Response to comments on Intel's proposed BSD+Patent license

Randy Kramer rhkramer at
Fri Nov 2 14:08:58 UTC 2001

I've skimmed this thread, but don't know if I got the point.  I'd like
to try to make a few simple statements and questions, and have somebody
tell me if I'm on the right page or not:

1. Use (and modification) of software can be restricted by copyright but
might also be restricted by patent (if the software uses something which
is patented).

2. The open source licenses attempt to give us (or avoid restricting)
our ability to use (and modify) software which might be copyrighted.

3. The Intel license is attempting to give us (or avoid restricting) our
ability to use (and modify??) software which might also be protected by

4. If I'm on the right track so far, is the Intel license (with respect
to the patent issue) more like the GPL, that is attempting to guarantee
that the software can never become proprietary?

If the above are true then:

1. Thank you Intel.

2. A question is whether the patent issue should be handled in the same
document as the software issue.  

As a potential user of the software, I would want to know (quickly and
easily) what rights I have or do not have if using that software.  

It could be handled either way, but if it is handled by separate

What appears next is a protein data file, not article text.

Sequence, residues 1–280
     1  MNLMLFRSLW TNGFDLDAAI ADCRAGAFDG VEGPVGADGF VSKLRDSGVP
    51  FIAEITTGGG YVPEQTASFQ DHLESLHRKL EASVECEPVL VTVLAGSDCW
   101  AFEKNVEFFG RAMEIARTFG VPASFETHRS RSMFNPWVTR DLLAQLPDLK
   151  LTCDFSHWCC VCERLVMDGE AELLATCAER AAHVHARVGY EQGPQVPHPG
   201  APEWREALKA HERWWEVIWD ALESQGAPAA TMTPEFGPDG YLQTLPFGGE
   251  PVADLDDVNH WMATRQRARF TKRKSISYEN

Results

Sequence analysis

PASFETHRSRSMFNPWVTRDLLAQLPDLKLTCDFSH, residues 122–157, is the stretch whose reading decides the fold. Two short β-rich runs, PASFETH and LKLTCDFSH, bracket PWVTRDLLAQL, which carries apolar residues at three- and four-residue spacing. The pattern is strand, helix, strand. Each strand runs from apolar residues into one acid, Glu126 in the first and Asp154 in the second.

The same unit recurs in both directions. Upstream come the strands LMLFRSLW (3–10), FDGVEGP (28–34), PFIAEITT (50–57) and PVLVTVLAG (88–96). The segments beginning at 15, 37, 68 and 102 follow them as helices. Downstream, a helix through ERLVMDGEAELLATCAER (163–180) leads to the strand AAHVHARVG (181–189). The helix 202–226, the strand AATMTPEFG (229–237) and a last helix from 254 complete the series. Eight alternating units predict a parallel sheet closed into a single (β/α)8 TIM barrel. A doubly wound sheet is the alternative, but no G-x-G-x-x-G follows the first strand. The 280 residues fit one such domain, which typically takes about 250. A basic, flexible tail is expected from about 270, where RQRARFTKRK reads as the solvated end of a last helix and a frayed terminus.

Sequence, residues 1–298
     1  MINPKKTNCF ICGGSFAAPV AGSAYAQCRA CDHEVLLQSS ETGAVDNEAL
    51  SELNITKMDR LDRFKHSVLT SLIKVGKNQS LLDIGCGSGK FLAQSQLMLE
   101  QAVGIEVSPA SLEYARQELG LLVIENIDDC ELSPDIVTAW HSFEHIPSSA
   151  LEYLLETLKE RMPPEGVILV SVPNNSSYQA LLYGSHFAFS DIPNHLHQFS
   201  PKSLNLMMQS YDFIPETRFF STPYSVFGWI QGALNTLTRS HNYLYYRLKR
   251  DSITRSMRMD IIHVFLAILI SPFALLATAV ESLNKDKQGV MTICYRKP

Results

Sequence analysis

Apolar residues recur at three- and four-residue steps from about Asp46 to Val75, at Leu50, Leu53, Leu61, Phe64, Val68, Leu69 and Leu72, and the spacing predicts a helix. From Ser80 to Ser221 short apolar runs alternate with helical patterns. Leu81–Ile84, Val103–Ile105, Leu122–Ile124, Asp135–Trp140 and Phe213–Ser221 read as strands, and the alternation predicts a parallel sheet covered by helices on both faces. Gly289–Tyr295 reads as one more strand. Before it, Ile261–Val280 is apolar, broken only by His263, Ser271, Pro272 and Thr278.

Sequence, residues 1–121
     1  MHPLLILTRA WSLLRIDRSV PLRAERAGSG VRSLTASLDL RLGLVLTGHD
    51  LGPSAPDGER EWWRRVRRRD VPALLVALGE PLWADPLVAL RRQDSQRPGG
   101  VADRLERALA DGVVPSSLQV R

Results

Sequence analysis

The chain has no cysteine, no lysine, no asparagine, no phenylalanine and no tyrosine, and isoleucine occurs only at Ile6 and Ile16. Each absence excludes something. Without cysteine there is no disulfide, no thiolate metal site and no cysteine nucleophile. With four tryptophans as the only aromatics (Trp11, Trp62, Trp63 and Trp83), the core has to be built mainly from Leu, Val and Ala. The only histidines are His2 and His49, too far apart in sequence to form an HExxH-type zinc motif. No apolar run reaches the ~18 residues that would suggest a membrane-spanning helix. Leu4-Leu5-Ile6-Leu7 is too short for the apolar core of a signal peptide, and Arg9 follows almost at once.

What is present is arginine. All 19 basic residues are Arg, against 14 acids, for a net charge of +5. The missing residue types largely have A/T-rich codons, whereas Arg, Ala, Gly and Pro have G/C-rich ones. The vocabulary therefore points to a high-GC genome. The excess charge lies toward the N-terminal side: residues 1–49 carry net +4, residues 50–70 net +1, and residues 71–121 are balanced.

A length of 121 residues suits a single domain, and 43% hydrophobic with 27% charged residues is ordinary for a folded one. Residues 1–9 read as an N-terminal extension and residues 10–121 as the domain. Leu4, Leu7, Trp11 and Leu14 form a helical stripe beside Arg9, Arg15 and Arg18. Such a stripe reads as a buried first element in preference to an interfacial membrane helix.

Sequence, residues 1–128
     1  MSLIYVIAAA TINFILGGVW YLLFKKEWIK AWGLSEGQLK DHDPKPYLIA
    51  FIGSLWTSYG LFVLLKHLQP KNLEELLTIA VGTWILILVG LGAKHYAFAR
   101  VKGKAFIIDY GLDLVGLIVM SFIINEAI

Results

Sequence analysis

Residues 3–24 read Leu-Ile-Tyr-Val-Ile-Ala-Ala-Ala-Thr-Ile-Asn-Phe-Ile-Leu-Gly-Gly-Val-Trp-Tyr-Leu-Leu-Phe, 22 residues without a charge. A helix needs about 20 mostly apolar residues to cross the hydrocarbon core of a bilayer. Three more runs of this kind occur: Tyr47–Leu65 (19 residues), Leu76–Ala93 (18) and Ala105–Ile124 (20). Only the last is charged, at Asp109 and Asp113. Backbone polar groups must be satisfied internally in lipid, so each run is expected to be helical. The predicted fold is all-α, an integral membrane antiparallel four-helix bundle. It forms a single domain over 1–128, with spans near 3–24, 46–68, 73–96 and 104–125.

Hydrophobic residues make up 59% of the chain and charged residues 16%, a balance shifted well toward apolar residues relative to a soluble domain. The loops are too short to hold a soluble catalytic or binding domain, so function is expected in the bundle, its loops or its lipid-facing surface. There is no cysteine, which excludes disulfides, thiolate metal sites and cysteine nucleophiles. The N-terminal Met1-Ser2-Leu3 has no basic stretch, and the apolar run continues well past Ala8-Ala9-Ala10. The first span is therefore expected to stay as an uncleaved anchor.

licenses for the copyright and patent issues, I think a summary
statement is required which addresses the overall rights of usage and
modification considering both the copyright license and the patent

Further, an organization like, dealing with the copyright
issues associated with different licenses, could be helpful in dealing
with the similar issues for a patent license.

Aside: I would feel cheated (misled, whatever) if I started to use
software that was open source (with the rights associated with the open
source license applied to that software), but some of those rights were
restricted by patent issues, especially if the licensing was so opaque
that I didn't realize that until later.

Randy Kramer

Forrest J. Cavalier III wrote:
> > Finally, under the proposed license, you can use the software in Solaris or
> > any other proprietary OS or in any other piece of software (in addition to
> > the GPL based OS's).  You just don't have a patent license; so you are no
> > worse off than with the BSD license.
> >
> Yes, that point was made already.  But why is it important for
> Intel to provide a patent grant from within the copyright license?
> They could be separate documents.
> It seems that your position is that the OSI board should approve
> the license based on the copyright license terms alone, and they
> should ignore the patent terms.  Many posters have indicated
> the patent license terms should also meet the spirit of the OSD.
> Do you agree?
> Your main point seems to be that the patent terms are "better
> than nothing."  But the bar for OSI approval is higher than that.
> There are "better than nothing" copyright licenses out there.
> (Including the "No commercial use" licenses.)  They are not OSI
> certified.
> --
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